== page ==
Monday, November 14, 2005

I shouldn't read these things

at midnight; now I'm all riled up from skimming through the latest issue of n+1. I did not renew my subscription before I left New York, in part because I don't think I've ever read another publication that seemed so roundly to remind me of the fact that I do not have a Y chromosome, but my friend S. has loaned me hers (we are in agreement that the editorial piece on dating that's currently excerpted on the website is distasteful, though I can see that if I try to explain why I think so, I will sound like a fretful and humorless feminist; perhaps I will instead just express my dislike for that editorial "we," on the grounds that it rarely leads to sharp and appealing writing).

I've been dying to read the Walter Benn Michaels essay on class (well, "dying" is a terrible exaggeration, but it's been nagging at me, not least because some paragraphs by Benn Michaels about the idea of "breeding" in his book Our America helped me realize that Breeding was the title for my new academic book). It's excellent, combative and sly in its framing of arguments that we on the whole do not want to hear about neoliberalism and Ivy League schools and the disingenuous American obsession with meritocracy. I must read Curtis Sittenfeld's novel Prep, too, I tried to get it at the library the other day but it was not where it was supposed to be (predictably stolen from the stacks?). The piece is very nicely paired with a great essay--story?--by J. D. Daniels. This is the magazine at its best, as far as I am concerned: intellectual but accessible, challenging, controversial--even slightly disagreeable, which gives it a nice edge--while still appealing enough to keep me reading.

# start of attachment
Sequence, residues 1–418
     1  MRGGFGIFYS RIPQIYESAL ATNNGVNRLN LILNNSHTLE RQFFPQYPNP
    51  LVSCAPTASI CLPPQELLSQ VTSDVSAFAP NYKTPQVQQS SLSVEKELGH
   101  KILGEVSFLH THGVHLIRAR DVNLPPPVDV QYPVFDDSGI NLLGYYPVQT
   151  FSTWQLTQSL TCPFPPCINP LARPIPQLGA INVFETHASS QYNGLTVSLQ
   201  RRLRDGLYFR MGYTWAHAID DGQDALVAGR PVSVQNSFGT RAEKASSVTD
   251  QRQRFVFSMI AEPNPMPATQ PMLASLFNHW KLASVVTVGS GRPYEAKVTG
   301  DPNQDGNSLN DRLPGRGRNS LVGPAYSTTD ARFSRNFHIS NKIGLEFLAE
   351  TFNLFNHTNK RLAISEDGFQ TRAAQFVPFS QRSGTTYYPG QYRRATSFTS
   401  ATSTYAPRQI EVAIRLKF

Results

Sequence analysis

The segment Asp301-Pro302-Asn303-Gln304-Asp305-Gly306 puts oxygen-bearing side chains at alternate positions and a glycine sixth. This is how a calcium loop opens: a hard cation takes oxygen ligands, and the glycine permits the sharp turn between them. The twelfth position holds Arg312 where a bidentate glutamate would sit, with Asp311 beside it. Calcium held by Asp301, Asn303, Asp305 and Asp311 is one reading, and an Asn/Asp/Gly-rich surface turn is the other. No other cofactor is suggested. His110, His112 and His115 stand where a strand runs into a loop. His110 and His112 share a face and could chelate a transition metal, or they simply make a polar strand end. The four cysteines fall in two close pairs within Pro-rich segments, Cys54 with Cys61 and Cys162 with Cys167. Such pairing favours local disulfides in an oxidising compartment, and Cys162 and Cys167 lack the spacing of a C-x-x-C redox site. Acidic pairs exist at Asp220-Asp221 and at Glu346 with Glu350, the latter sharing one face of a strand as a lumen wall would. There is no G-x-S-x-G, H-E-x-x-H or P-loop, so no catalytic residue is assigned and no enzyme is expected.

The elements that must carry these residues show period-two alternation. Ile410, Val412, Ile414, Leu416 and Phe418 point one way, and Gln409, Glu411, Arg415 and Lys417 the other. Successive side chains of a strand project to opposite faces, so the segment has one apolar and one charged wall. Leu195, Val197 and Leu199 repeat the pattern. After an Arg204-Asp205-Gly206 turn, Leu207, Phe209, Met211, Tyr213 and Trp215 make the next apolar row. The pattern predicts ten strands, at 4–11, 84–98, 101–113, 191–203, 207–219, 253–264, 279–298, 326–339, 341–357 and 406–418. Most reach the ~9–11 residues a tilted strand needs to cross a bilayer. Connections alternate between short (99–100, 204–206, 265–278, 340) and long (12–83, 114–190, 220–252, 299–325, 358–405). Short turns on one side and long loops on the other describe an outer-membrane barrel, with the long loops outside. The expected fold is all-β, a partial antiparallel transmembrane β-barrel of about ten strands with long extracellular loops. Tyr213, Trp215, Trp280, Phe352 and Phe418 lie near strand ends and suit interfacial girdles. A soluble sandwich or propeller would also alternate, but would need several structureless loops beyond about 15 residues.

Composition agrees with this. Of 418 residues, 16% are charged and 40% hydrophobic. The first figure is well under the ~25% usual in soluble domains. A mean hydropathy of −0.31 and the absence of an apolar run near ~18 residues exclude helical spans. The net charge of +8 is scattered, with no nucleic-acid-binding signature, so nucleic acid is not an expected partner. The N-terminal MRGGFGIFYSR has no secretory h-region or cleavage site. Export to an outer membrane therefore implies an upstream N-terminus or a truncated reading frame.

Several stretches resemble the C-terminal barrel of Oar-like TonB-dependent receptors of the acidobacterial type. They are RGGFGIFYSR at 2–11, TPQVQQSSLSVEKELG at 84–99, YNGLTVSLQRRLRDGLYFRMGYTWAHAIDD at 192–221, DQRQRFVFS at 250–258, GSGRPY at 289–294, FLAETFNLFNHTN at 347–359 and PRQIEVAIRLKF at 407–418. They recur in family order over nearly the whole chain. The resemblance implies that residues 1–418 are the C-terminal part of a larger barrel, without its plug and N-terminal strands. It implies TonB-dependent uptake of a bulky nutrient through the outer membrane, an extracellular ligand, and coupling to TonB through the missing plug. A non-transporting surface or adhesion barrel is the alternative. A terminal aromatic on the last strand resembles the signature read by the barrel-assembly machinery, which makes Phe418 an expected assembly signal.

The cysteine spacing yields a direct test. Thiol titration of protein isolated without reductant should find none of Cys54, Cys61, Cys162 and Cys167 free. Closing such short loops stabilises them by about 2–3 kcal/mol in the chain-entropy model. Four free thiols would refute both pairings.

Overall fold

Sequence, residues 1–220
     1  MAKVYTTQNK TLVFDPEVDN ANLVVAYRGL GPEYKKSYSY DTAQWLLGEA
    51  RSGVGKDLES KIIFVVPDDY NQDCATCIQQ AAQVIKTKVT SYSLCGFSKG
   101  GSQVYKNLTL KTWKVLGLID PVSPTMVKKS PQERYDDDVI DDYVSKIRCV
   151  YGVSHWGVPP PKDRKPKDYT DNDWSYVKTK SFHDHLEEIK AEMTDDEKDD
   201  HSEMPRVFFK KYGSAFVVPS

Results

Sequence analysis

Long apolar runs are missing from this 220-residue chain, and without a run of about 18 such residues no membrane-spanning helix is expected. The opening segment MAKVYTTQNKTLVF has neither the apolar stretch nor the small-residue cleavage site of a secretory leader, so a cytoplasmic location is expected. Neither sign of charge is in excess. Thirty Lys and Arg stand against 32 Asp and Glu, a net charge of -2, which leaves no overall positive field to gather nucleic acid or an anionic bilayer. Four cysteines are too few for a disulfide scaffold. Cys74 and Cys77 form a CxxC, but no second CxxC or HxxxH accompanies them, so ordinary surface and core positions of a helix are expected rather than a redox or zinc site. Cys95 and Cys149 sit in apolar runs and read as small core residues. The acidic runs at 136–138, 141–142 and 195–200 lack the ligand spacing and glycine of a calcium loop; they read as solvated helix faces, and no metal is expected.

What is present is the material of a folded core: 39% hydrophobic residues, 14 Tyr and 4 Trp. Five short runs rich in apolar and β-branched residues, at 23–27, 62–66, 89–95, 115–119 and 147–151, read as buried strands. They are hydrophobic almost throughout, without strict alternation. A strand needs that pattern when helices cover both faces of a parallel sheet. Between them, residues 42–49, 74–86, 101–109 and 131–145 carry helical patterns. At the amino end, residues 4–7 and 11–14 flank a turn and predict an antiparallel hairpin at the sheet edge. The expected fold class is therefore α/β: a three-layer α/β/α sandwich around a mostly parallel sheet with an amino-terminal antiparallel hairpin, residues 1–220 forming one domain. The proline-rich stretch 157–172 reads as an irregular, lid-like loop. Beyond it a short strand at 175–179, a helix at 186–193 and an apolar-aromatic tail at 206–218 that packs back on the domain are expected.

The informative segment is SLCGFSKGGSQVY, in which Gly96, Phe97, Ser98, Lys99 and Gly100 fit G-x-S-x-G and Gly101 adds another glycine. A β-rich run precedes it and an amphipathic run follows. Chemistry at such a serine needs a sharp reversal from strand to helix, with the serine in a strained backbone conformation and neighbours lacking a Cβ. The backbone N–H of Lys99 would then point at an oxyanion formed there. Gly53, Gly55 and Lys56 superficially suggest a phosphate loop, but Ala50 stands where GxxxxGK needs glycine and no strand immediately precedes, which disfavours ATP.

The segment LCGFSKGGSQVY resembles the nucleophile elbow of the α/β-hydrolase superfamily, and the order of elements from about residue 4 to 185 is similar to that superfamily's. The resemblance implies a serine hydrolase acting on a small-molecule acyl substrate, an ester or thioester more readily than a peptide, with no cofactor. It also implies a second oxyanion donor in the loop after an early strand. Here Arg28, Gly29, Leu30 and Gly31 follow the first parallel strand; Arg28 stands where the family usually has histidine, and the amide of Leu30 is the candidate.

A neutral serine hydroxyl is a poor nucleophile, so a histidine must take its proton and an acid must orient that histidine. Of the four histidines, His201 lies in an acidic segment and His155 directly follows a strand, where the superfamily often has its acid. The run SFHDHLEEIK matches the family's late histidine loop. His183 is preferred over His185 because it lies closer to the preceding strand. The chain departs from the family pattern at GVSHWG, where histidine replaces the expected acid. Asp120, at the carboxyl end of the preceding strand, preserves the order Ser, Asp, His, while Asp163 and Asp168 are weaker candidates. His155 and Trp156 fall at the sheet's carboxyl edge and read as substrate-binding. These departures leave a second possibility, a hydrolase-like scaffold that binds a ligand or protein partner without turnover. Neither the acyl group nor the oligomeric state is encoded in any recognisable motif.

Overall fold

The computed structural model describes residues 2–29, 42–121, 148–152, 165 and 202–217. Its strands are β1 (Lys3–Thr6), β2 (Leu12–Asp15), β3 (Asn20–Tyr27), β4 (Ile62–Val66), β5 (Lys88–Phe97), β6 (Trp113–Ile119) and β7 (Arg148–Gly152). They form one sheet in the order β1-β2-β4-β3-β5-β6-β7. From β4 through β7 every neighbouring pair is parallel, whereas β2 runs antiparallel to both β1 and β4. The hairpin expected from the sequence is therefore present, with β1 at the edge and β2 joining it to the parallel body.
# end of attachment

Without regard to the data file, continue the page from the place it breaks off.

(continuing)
My other two favorite pieces were Emily Votruba on women's boxing and an absolutely charming essay by Elif Batuman on Franco Moretti's Graphs, Maps, Trees, another book I must get and read at once. (I also enjoyed Siddartha Deb's devastating review of Rushdie's latest--which I have here but am relatively unlikely to read, unless snowbound & fiction-deprived; I don't say that in the spirit of snark, just as a truthful observation--and two likeable essays, one by Pankaj Mishra and the other by my friend Marco Roth.)

It's the other stuff that gives me the feeling of guy-ness that I don't like. I don't want to read high-falutin philosophizing about pop music and reality TV; it seems to me that the ideal of crashing together the academic and the journalistic should take you altogether the other way, with a more accessible and down-to-earth prose style but a high level of intellectual acuity about important things. (It's not that I don't like Radiohead or think their music is important and interesting. I do. I just don't like this kind of cultural criticism, which seems to me to trumpet its superiority over the material it cannibalizes and to speak only to a tiny circle of insiders. It's a matter of taste, but it runs pretty deep. And I don't really like DeLillo and so I also don't like what seemed to me a vaguely DeLilloesque--what's up with that comma use, anyway?--story by Benjamin Kunkel that is also included in the issue. Sorry, guys. It is awkward blogging negatively about people I am reasonably likely to see at future parties in NY, isn't it? Take this in the spirit of rational dissent.)